: News

Teens In Columbia Heights Take To The Stage

Play associated audio

By Stephanie Kaye

A group of teens in Columbia Heights is bringing their stories to the stage and attracting a new audience to DC theaters.

The group is called "Paso Nuevo," or "New Path." And although it's run by a couple of adults, the stories are written and performed by local teenagers, like fifteen-year old Rosemary Solorzano.Her story deals with a girl whose family can't afford a "quince" party, a rite of passage celebrated in Latino communities.

"That girl, she gets into prostitution to get it...but I won't do that!I wouldn't get into prostitution to get my quinces," says Solorzano.

Quique Aviles directs Paso Nuevo.

"When I see Salvadorean peasants that barely speak English and have never been to the theater come to see their cousins and their kids," says Aviles.

He likes shining a positive light on the young people in Columbia Heights.

"We tend to think of our young people as these violent beasts when, in reality, they have a tremendous sense of beauty and caring," he says.

The group's latest production, "La Catorce," highlights life on 14th Street Northwest, with performances tonight and Sunday at Gala Hispanic Theater.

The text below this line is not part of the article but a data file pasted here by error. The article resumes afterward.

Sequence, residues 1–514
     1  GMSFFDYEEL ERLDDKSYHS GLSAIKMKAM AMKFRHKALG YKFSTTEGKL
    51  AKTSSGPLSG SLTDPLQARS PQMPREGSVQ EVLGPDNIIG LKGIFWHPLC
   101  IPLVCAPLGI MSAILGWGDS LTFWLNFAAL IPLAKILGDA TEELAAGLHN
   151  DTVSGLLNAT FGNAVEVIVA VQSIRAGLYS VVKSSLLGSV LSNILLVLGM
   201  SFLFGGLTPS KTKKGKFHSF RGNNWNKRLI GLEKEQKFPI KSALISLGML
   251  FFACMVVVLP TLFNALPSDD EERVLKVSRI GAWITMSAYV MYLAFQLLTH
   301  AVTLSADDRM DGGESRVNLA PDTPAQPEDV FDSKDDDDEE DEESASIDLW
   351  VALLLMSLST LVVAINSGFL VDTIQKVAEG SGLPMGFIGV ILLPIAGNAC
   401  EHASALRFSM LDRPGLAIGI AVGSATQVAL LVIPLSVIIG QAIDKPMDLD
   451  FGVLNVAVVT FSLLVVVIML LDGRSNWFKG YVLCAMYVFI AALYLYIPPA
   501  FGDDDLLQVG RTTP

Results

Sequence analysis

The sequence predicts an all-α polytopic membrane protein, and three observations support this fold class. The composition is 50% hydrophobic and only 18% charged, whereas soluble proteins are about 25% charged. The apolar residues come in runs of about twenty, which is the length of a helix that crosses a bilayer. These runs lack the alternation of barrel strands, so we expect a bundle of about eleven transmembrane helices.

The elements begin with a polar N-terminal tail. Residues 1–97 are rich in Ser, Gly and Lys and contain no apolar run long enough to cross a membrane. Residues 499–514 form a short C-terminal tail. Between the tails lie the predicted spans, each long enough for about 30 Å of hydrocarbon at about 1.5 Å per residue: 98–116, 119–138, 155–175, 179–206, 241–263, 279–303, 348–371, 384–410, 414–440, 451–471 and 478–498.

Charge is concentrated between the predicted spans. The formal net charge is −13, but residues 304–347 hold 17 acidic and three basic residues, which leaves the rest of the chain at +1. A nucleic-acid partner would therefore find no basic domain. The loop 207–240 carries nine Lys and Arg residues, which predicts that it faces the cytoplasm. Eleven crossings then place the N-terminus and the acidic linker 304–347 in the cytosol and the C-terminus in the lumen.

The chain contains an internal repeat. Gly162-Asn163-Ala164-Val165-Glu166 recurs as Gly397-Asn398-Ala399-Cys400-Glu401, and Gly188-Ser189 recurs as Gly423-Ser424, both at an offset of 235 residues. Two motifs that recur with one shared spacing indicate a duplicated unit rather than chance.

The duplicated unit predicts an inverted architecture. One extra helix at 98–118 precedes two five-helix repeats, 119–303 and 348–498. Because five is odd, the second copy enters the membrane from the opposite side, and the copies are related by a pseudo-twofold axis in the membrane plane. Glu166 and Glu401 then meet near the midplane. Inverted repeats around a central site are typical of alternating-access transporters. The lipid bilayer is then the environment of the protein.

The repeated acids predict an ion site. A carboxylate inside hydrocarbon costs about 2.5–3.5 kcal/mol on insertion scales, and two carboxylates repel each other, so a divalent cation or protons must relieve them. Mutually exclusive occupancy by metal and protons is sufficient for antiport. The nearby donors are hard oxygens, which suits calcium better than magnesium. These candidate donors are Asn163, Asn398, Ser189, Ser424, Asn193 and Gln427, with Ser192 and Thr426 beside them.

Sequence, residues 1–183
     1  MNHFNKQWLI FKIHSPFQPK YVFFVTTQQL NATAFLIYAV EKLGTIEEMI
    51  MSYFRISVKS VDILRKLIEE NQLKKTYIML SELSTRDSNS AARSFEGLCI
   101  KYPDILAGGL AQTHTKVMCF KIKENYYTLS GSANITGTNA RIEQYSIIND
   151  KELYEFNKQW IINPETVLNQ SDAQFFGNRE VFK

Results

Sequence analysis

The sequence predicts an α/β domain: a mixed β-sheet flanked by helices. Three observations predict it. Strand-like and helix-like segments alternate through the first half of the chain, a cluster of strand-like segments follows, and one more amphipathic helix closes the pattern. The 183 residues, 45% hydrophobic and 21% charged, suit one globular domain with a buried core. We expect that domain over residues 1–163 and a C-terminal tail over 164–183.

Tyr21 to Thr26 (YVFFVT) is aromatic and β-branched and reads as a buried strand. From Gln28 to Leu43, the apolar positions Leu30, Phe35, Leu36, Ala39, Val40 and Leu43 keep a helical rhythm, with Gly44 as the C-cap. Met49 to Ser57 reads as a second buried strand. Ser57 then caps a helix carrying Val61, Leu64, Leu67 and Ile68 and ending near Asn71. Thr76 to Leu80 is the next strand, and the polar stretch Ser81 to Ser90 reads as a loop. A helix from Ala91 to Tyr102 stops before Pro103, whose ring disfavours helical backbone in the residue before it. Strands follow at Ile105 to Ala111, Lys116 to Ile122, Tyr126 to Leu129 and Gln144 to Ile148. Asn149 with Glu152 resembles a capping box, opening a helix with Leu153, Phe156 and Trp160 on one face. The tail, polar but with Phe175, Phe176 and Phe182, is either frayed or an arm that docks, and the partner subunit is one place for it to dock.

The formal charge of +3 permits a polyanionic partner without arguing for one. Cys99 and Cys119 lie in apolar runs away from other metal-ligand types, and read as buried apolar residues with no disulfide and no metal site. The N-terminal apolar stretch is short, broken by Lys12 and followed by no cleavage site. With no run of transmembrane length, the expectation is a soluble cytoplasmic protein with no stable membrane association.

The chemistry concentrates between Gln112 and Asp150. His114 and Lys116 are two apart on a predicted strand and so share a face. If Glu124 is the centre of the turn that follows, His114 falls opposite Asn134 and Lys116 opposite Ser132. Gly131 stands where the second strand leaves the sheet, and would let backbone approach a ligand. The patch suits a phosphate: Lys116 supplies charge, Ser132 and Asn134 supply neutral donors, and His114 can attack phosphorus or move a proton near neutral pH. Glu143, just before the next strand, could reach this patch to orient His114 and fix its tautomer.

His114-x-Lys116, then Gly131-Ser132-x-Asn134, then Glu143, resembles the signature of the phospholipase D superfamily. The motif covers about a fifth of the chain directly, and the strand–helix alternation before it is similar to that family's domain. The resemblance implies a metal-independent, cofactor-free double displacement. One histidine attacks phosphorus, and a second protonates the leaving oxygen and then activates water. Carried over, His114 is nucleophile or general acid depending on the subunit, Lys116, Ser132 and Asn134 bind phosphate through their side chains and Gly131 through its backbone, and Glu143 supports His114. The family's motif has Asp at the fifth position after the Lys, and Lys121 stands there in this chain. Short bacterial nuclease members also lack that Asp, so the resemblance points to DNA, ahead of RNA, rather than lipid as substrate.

NPR

'It's A Surviving Tool': 'Native' Tells Satirical Stories Of Life In Israel

NPR's Kelly McEvers talks to author Sayed Kashua, an Israeli-Palestinian whose satirical weekly columns in Haaretz newspaper are collected in his new book called Native.
NPR

What The Heck Is Natural Wine? Here's A Taste

Natural wines can be off-putting at first: perhaps darker than usual, a little fizzy or cloudy. Some find them charming, others unsophisticated. Here's a guide to this trending, quirky style of wine.
NPR

Jim Gilmore, Who Was Campaigning For President, Isn't Anymore

He had the resume — swing-state governor, veteran, ex-party leader — but there's a good chance you had no idea he was running. Judging by vote totals, Iowa and New Hampshire may have missed it too.
NPR

Colonialism Comment Puts Facebook Under Scrutiny

A Facebook board member lambasted a decision by regulators in India, the social network's second-largest market. He thereby sparked new scrutiny of Facebook's intentions in that country.

Leave a Comment

Help keep the conversation civil. Please refer to our Terms of Use and Code of Conduct before posting your comments.